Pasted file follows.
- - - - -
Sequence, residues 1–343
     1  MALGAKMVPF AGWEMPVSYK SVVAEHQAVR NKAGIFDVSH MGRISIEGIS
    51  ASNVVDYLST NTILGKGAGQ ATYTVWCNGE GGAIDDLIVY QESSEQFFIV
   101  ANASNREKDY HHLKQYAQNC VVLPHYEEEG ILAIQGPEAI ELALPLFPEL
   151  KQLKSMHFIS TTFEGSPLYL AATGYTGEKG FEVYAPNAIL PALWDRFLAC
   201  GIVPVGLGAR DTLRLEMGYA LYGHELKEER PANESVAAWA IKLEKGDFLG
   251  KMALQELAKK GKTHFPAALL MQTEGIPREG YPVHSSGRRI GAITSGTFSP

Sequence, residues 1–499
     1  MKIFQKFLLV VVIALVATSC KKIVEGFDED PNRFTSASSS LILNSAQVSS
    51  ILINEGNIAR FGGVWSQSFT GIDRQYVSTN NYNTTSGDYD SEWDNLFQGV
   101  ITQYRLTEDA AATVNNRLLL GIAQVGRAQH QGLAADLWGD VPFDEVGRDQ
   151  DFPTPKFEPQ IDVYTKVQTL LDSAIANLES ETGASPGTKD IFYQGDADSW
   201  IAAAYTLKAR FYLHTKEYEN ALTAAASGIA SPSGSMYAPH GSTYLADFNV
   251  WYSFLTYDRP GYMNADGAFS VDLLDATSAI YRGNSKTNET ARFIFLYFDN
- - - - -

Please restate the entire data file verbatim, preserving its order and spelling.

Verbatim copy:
Sequence, residues 1–343
     1  MALGAKMVPF AGWEMPVSYK SVVAEHQAVR NKAGIFDVSH MGRISIEGIS
    51  ASNVVDYLST NTILGKGAGQ ATYTVWCNGE GGAIDDLIVY QESSEQFFIV
   101  ANASNREKDY HHLKQYAQNC VVLPHYEEEG ILAIQGPEAI ELALPLFPEL
   151  KQLKSMHFIS TTFEGSPLYL AATGYTGEKG FEVYAPNAIL PALWDRFLAC
   201  GIVPVGLGAR DTLRLEMGYA LYGHELKEER PANESVAAWA IKLEKGDFLG
   251  KMALQELAKK GKTHFPAALL MQTEGIPREG YPVHSSGRRI GAITSGTFSP

Sequence, residues 1–499
     1  MKIFQKFLLV VVIALVATSC KKIVEGFDED PNRFTSASSS LILNSAQVSS
    51  ILINEGNIAR FGGVWSQSFT GIDRQYVSTN NYNTTSGDYD SEWDNLFQGV
   101  ITQYRLTEDA AATVNNRLLL GIAQVGRAQH QGLAADLWGD VPFDEVGRDQ
   151  DFPTPKFEPQ IDVYTKVQTL LDSAIANLES ETGASPGTKD IFYQGDADSW
   201  IAAAYTLKAR FYLHTKEYEN ALTAAASGIA SPSGSMYAPH GSTYLADFNV
   251  WYSFLTYDRP GYMNADGAFS VDLLDATSAI YRGNSKTNET ARFIFLYFDN